Dominique Vitry (bottom) fends off judo olympian Samantha Lowe in the womens blue belt absolute.
by Seymour Yang
The very first Kent BJJ Open in 2008 was a roaring success. Competitors and spectators spoke highly of last year’s tournament – so anticipation for this year’s event was sky high. And the organisors did not disappoint. One week before the actual event, competitor names and divisions were already posted on the internet, and three days prior, all fight times and mat placements were already announced. With just under 400 competitors attending, it was a superb testament to the level of organisation that went on behind the scenes.
The Kent BJJ Open was originated by the UK’s Carlson Gracie BJJ Revolution Team. The organisors were keen to establish the event as a competition created by fighters, for fighters. Simon Hayes, one of the organisors, told me that he felt some competitions in the UK were poorly run and his team wanted to give a good example to the outside world, and to BJJ participants, of how to run a tournament professionally, and he credited co-instructor Dickie Martin as the ‘brains’ behind the event.
The event was divided over two days (Saturday for white belts, Sunday for all other belts). Considering the extra financial burden that two-days worth of hall hire would encompass, entry fees were kept as low as possible and the weekend spread meant everything ran on time and finished at a decent hour.
More importantly, the organisors felt that everyone should be allowed to have at least two fights on the day, hence the introduction of the repechage system to win bronze. In a system borrowed from judo tournaments, the BJJ reperchage was trialled last year to much acclaim – all non-finalists in their division were able to fight for the bronze medal, adding genuine value to a podium placement.
The Dartford judo club is an Olympic standard judo training facility designed to host the 2012 British Olympic judo team. It was an honour to compete within this up-to-date sports stadium. The facilities are of international standard and for a few hours, everyone felt like they were Olympic superstars.
Saturday hosted all the white belt matches. I did not attend this day so can only comment that with around 200 participants, it was clearly a popular tournament for first-timers and more experienced novices alike. Sometimes tournaments can seem an intimidating experience for newcomers to the sport, and a day just for white belts is a nice touch.
The following day hosted all the coloured belt matches. It was a packed schedule with four mats in constant action. The table staff, ushers, referees and all the team who had roles to play running the event, did their job brilliantly. There was no ‘dead’ time as one fight ended, another began immediately. The tight time-table meant that if you missed your call-out, you got dq’ed. The PA announcements was loud and very clear.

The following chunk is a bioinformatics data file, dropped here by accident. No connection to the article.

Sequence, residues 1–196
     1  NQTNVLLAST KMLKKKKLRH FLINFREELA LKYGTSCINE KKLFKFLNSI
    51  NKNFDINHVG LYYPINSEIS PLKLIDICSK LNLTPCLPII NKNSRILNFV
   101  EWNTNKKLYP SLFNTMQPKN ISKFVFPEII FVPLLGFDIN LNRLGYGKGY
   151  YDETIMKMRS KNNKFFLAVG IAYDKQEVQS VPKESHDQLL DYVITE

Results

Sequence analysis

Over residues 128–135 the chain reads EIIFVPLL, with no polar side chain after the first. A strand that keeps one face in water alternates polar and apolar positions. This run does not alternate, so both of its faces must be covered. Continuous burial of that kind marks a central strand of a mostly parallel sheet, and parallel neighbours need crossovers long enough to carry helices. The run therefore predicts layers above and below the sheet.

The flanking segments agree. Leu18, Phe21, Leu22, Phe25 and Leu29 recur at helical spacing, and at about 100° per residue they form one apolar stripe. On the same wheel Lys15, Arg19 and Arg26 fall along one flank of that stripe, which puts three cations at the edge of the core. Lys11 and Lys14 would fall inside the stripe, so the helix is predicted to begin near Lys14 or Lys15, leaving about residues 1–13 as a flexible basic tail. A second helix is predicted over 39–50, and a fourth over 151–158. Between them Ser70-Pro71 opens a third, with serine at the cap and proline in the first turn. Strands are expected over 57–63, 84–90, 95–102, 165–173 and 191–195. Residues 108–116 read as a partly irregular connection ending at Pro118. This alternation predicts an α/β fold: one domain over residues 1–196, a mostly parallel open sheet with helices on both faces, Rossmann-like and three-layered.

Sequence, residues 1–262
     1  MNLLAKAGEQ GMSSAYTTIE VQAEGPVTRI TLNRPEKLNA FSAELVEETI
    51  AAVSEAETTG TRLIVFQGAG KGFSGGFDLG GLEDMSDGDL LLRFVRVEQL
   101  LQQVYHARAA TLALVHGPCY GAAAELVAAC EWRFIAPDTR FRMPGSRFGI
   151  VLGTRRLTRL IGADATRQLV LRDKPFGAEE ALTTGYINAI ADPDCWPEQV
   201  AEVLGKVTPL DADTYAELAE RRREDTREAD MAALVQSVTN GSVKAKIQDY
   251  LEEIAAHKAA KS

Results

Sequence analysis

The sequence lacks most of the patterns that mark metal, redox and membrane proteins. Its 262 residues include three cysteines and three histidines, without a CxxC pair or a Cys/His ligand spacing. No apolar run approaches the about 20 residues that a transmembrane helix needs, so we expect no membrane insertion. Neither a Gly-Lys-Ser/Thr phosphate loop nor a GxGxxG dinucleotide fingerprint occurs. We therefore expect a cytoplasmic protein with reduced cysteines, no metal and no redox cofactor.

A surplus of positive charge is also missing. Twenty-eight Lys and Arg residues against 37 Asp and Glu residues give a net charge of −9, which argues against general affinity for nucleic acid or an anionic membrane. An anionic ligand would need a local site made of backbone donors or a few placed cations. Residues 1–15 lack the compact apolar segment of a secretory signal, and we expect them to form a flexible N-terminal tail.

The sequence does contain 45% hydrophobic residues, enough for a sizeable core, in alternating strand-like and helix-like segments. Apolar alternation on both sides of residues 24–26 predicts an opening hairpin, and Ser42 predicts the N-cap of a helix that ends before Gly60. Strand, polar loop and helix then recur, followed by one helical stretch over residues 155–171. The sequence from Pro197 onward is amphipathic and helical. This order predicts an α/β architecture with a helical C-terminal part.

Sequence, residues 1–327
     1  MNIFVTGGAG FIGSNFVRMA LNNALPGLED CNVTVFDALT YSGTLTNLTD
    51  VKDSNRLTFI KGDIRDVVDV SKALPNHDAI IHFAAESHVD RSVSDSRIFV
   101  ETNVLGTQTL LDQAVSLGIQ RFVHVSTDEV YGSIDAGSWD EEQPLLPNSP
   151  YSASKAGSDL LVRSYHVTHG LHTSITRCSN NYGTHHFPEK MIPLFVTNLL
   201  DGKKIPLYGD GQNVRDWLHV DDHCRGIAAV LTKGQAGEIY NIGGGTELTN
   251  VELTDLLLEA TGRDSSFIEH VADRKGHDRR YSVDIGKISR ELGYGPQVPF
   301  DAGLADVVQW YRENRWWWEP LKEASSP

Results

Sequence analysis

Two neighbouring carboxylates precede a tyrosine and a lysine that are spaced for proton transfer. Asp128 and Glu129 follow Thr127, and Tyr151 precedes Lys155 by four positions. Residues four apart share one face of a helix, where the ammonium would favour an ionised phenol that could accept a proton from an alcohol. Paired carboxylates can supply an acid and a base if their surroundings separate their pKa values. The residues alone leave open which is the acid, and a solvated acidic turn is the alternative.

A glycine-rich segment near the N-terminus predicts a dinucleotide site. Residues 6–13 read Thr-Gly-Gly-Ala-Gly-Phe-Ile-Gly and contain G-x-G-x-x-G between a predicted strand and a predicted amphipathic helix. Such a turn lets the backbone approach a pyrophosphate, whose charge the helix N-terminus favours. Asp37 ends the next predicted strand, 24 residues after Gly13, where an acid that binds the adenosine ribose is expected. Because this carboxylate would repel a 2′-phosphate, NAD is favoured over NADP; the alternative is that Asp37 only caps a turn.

Of course a good stadium is nothing without some good fights, and the competitors who attended this weekend did not disappoint. I saw some fantastic tussles from the super feathers all the way to the heavy brown belts. It seems the combatants were inspired by the surroundings and by the huge Carlson Gracie fighting ethic (whether you were a Carlson team member or not!).
If I had to pick one division that generated a lot of attention, I would say the womens blue absolute was interesting to watch. Notably for the inclusion of British judo gold medallist Samantha Lowe. Standing head a shoulders above all the other ladies, the Carlson Gracie BJJ fighter used solid, basic jiu-jitsu to nullify her opponents to win gold in her weight and in the absolute.
A shout out should also go to the mens blue under 76kg division as I witnessed some oustandingly athletic and technically adept matches, especially the young Ross Nicholls, representing Pedro Bessa BJJ, who won this division.
After its second successful year in existence, the Kent Open has firmly established itself as one of the major ‘must-do’ tournaments in the UK. Judging from the post-tournament buzz and chatter, participants, myself included, are eagerly anticipating next year’s event.
Seymour Yang trains at the Mill Hill Combat and Conditioning Academy, part of the Roger Gracie Academy network and writes the Meekatsu BJJ blog. He won a gold medal at the Kent BJJ Open this year.
This is an installment in our Tournament Review Tuesdays column, where FightWorks Podcast listeners submit reports about Brazilian jiu-jitsu and grappling competitions that happened the weekend prior. The opinions expressed do not necessarily represent those of The FightWorks Podcast. Through the rest of 2009, if you submit a Tournament Review Tuesday piece, you might win an Isami gi!